Jason Day will carry the lead into the final round for the second straight major after headlining a banner day for Australian golfers at the British Open.
Adam Scott, Marc Leishman and Steven Bowditch are also right in the mix to end Australia’s 22-year drought at golf’s oldest and grandest championship after a remarkable third round at St Andrews.
But the sporting world’s gaze will be on Day as he sets out in the second-last group on Monday with history-seeker Jordan Spieth, who sits just one stroke off the pace after ramping up his grand slam quest with an ominous six-under-par 66.
A month after defying vertigo to share the third-round lead with Spieth, American Dustin Johnson and South African Branden Grace, Day carded a bogey-free 67 to again be poised for his long-awaited major breakthrough.
Irish amateur Paul Dunne posted a nerveless 66 to join Day and South African Louis Oosthuizen (67) atop the leaderboard in the 22-year-old’s own audacious bid for history.
An amateur hasn’t won a major since Johnny Goodman at the 1933 US Open – or saluted at the British Open since Bobby Jones at Hoylake in 1930.
Dunne won’t be celebrating yet, though, as some 25 players remain within five strokes of the lead after a rare Sunday moving day at the home of golf.
As the world’s best golfers – sans injured world No.1 and defending champion Rory McIlroy – attacked the Old Course on a breathless afternoon, no less than 10 different players led the Open at various stages.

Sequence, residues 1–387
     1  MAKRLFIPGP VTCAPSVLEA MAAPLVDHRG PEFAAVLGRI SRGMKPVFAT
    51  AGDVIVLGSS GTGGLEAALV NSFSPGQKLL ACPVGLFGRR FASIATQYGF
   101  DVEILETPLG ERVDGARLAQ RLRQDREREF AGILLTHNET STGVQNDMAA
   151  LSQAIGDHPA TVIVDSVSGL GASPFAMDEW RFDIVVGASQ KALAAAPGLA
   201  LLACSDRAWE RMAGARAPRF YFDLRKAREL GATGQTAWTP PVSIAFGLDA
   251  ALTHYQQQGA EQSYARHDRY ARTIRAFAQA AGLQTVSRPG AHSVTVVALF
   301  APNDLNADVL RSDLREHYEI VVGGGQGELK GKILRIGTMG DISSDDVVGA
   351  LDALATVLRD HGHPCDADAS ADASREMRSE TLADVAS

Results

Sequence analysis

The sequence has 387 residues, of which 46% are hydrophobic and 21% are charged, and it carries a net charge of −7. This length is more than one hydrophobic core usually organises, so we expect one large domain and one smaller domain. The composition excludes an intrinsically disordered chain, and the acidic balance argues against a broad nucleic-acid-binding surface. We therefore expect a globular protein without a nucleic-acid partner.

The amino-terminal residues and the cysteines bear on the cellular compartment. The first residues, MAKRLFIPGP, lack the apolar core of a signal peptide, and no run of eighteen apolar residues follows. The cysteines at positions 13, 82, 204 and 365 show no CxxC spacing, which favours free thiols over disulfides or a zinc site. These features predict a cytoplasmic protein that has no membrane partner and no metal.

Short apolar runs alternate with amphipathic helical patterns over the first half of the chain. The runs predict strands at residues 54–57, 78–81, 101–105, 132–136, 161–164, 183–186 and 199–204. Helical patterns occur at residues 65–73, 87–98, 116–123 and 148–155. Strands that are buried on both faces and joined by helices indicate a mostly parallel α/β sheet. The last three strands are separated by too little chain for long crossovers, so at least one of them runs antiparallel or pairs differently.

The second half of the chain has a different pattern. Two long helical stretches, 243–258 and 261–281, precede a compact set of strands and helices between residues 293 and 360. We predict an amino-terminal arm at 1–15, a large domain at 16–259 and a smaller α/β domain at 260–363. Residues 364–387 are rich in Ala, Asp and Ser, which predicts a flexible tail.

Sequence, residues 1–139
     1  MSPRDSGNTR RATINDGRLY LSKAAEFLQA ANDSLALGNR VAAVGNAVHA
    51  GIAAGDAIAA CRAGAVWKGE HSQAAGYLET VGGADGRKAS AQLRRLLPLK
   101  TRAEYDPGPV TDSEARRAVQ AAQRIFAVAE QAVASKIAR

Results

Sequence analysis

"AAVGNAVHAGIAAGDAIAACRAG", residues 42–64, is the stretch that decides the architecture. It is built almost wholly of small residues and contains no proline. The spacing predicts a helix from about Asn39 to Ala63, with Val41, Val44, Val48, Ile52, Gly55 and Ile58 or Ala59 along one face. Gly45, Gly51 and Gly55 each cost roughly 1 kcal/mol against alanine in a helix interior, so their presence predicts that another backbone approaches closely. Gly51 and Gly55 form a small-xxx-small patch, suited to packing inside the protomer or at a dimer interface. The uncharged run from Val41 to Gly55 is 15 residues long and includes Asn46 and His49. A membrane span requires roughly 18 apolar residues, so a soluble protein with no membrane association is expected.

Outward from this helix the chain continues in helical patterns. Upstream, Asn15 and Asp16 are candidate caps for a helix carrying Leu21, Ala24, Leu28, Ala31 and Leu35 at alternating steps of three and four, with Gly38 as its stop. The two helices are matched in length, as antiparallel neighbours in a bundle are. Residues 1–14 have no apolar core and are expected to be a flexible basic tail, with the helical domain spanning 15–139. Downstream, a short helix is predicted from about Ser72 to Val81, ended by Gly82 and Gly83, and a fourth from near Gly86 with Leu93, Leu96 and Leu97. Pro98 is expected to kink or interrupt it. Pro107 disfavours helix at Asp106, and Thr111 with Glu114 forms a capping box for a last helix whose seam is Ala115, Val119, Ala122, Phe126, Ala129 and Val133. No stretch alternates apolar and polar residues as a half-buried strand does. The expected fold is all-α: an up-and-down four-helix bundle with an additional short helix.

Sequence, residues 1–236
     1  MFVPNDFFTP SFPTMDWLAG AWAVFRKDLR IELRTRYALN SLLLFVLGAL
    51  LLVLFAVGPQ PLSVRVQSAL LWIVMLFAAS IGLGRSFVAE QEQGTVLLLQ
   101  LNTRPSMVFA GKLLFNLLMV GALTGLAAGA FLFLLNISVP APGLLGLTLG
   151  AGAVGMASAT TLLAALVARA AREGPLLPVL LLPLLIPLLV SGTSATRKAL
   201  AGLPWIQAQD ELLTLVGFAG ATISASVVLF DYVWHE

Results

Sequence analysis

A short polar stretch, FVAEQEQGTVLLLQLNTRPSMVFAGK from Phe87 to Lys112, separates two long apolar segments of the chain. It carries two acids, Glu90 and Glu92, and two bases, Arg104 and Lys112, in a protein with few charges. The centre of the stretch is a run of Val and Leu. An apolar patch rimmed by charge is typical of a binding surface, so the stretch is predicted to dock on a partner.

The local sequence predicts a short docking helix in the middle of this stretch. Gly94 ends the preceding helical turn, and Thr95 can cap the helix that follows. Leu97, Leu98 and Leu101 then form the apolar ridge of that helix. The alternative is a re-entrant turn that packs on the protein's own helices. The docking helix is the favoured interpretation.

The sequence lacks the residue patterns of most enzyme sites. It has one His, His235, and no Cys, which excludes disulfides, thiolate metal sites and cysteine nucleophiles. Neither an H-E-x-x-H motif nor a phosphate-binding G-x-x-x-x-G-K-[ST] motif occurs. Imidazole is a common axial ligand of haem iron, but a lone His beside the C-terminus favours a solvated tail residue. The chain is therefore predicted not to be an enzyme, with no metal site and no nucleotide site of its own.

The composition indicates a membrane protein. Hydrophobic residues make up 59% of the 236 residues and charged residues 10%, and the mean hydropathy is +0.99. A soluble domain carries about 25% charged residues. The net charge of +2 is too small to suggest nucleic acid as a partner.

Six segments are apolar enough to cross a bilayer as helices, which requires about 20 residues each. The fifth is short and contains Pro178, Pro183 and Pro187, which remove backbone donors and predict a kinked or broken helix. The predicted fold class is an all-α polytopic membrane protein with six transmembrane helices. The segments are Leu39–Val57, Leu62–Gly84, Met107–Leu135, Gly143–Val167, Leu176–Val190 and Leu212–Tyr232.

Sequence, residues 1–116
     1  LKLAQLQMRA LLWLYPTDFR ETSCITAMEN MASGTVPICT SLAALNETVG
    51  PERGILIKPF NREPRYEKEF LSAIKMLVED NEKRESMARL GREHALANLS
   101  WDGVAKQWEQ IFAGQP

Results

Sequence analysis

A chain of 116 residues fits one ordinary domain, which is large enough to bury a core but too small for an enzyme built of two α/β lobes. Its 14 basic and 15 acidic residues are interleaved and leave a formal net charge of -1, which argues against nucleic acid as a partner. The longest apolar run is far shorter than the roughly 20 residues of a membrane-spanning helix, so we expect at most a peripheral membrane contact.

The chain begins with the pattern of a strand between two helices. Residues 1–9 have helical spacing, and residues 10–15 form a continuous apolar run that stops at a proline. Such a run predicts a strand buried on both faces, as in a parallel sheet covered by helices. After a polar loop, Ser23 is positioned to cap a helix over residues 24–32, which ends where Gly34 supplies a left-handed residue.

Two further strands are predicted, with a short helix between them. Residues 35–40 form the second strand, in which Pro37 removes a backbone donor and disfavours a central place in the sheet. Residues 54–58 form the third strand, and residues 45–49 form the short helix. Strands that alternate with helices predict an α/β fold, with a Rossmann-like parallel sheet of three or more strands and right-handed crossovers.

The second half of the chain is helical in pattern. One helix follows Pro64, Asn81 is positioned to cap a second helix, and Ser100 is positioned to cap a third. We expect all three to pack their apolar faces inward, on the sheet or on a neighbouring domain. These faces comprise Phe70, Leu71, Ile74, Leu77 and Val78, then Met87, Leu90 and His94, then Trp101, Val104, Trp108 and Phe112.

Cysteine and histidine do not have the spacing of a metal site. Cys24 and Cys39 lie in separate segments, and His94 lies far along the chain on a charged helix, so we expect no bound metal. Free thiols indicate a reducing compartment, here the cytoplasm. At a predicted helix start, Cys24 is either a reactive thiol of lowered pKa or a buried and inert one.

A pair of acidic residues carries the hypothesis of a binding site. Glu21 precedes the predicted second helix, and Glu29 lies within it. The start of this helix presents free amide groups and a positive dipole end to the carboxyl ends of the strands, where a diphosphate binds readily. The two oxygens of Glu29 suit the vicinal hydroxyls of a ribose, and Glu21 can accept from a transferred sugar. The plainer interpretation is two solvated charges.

Bidding to join Ben Hogan as only the second man to win golf’s first three majors of the year, Spieth is outright fourth, one stroke ahead of Ireland’s former winner and Hall of Famer Padraig Harrington (65).
Spieth rattled in seven birdies to make his big move as Johnson relinquished his overnight advantage with another lamentable round in his latest attempt to break his major duck.
Johnson was among only six players of the 80 who made the halfway cut not to post a birdie on the front nine in the perfect scoring conditions and had to wait until the 15th hole to pick up a shot.
Alas three successive bogeys to finish his round left Johnson five back after a disastrous 75.
Scott is in a nine-way tie for sixth after taking a bogey on the perilous 17th road hole in an otherwise steady if unspectacular round of 70.
Leishman is also at nine under after earlier in the day almost firing the lowest round in British Open history, a magnificent 64.
Leishman’s eight-under return was just one shy of the best effort in 155 years of Open championships, a record jointly held by eight players including countryman Greg Norman, who posted a 63 when he lifted the Claret Jug for the first time at Turnberry in 1986.
Also at nine under on an extraordinarily congested and star-studded leaderboard are English pair Justin Rose (68) and Danny Willett (72), Spanish star Sergio Garcia (68), South African Retief Goosen (69), Americans Zach Johnson (70), Robert Streb (70).
Bowditch (69) is equal 15th with Englishman Eddie Pepperell (66) and former Masters winner Charl Schwartzel (69) but rued successive bogeys late after briefly claiming a share of the lead.